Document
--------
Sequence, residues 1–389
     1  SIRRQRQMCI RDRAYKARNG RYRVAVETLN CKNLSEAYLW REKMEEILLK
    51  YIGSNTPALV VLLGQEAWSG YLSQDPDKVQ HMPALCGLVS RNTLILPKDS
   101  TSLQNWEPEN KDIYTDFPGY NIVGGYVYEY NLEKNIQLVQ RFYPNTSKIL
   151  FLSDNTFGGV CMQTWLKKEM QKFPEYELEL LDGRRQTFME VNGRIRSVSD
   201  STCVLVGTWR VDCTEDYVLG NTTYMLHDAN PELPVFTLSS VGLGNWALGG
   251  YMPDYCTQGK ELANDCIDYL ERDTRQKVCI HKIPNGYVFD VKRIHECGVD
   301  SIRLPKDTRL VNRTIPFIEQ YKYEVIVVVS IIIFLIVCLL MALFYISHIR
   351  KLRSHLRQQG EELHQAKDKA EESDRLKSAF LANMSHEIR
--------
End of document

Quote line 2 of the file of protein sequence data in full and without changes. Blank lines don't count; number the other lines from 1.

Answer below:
     1  SIRRQRQMCI RDRAYKARNG RYRVAVETLN CKNLSEAYLW REKMEEILLK